Fredric Jameson, a contemporary American Marxist and literary critic opened his influence work on The Political Unconscious (1981) with that slogan: “always historicise.” Jameson’s view is that all works of literature are received by the reader with already read status – even new text, he argues, is read with a hangover of unconscious prejudice and interpreted under the influence of opinions of the time.

Jameson says instead, a metacommentary is always necessary if we are to uncover a true meaning of any text. Any given phenomenon, he says, must be analysed from three perspectives in order to get a full meaning of the situation. First is political history. Second is context of the social period in which the phenomenon occurred and finally the entire period of the mode of production – here the mode of production meaning everything that goes into the production of the necessities of one’s life.

The importance of metacommentary is that it leads us to a full understanding of our social, political and economic transitions. It points to the fact that ideas do not suddenly appear and disappear – nothing takes place in isolation from the existing political context.

This is the point often missed by most social commentators and analysts, more so in Malawi. The current case being that of Malawi’s Minister of Sports and Culture, Grace Chiumia’s calling President Peter Mutharika a “life president”. Chiumia has since apologised to Malawians and the president for calling him “life president.” Chiumia should have known better how politically incorrect this is, especially for a country that has endured authoritarian leadership of a “life president” – Kamuzu Banda.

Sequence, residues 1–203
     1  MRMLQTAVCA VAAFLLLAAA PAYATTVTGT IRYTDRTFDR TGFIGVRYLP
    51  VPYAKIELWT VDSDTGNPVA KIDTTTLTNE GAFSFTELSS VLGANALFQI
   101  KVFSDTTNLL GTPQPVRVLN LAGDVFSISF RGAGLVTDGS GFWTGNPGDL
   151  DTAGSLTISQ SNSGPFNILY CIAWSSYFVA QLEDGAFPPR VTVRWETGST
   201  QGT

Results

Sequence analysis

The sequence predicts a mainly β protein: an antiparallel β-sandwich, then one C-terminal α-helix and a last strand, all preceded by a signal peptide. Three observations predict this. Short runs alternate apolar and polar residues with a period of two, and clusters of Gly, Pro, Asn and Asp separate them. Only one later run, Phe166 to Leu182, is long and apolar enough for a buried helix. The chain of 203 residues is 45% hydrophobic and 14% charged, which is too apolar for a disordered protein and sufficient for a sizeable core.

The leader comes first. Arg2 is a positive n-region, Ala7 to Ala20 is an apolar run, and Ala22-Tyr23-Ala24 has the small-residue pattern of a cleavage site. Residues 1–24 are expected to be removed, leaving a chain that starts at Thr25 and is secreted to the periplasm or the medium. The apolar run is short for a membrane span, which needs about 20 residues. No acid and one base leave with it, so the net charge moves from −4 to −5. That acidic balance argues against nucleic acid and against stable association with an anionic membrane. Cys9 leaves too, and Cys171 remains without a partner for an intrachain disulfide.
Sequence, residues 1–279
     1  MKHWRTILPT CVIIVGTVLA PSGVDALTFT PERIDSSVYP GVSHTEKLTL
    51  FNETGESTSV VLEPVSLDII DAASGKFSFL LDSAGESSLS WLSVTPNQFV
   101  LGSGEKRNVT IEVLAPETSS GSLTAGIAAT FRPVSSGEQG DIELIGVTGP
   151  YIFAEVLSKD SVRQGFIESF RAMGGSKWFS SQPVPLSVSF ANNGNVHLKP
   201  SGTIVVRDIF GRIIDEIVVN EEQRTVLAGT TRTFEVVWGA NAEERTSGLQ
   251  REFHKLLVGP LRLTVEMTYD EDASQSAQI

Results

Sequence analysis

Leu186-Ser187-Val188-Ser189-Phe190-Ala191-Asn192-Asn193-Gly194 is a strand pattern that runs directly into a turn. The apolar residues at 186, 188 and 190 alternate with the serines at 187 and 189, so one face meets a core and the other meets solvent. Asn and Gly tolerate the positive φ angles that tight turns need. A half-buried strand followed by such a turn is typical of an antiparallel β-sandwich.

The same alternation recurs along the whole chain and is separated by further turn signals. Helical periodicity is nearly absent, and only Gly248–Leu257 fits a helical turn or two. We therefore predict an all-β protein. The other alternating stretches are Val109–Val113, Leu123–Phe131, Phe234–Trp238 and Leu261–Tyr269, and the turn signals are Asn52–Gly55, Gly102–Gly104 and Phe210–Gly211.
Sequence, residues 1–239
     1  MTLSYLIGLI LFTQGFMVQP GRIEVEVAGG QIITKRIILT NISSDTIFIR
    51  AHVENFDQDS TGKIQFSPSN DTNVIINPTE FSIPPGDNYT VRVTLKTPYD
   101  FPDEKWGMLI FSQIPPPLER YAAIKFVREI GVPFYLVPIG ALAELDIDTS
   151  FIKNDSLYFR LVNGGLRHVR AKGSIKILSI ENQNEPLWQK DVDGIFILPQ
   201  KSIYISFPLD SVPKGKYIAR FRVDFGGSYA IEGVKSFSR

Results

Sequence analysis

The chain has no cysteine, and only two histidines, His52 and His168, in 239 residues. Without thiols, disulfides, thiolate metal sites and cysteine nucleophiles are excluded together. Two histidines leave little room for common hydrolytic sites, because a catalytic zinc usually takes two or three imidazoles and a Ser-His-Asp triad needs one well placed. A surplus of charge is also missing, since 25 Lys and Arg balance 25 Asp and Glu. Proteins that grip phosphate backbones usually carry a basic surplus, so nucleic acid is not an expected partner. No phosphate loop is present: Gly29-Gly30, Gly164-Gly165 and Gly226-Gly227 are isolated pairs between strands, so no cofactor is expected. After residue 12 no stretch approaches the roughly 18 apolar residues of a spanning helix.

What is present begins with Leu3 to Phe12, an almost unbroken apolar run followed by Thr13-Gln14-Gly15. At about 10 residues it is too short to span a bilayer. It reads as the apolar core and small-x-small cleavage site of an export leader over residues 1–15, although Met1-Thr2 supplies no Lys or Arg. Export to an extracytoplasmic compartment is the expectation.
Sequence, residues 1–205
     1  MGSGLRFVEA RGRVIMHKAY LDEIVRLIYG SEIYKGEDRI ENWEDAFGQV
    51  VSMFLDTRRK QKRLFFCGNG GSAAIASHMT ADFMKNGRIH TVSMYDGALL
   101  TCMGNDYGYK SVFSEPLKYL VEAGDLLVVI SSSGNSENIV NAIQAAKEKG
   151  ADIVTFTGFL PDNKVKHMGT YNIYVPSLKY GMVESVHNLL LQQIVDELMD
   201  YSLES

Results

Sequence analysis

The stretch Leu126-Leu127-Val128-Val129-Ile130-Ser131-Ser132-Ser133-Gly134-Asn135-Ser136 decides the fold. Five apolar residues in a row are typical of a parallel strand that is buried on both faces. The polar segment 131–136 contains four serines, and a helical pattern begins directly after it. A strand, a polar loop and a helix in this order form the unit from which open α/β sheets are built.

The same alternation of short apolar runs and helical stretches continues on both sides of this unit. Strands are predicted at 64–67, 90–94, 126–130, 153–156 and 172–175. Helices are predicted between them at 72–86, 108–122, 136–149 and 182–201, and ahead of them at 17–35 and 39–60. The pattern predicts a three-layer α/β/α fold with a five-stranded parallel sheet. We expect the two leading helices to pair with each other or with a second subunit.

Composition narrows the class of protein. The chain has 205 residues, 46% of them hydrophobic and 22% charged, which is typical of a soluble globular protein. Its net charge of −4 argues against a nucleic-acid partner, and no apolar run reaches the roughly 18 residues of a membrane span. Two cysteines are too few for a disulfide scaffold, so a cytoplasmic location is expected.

Malawians are understandably angry and rightfully cynical about the statement – was Chiumia perhaps testing waters? Maybe intentions are there to make Mutharika a “life president?” I personally doubt this. Instead, from Jameson’s perspective, I believe Chiumia is herself a victim of the country’s political system – a system that forces those occupying appointed public positions like hers to use every window of opportunity to show their supposedly unquestionable loyalty to the president – the appointing authority.

From Kamuzu Banda, Malawi’s founding president, to the incumbent, Peter Mutharika – the country’s fifth president, the thinking is that simply calling the State President – what he/ she is; a State President is not enough. One must use as much adjectives as their vocabulary can provide. It is very easy to talk nonsense and make mistakes when you are in this situation. It is not an enviable position at all.

Above everything else, Chiumia’s case is a reminder of the rotten political system that Malawi has. Ultimately, attacking Chiumia is missing the point if not an opportunity to critique a system that puts political patronage personal interests above national interests. You would not have these cases where there is no cronyism and political patronage – these begets bootlicking, which is what Chiumia was doing.

In Jameson’s perspective, you cannot scrutinise an individual – Chiumia in this case, separately from the system that produces and reproduce her ways of thinking. She has perhaps noticed her “mistake”, hence the apology, after the public criticism. It is important to analyse these issues from the full perspective of the system that produces it. A mango tree will not give you apples because it produces mangos.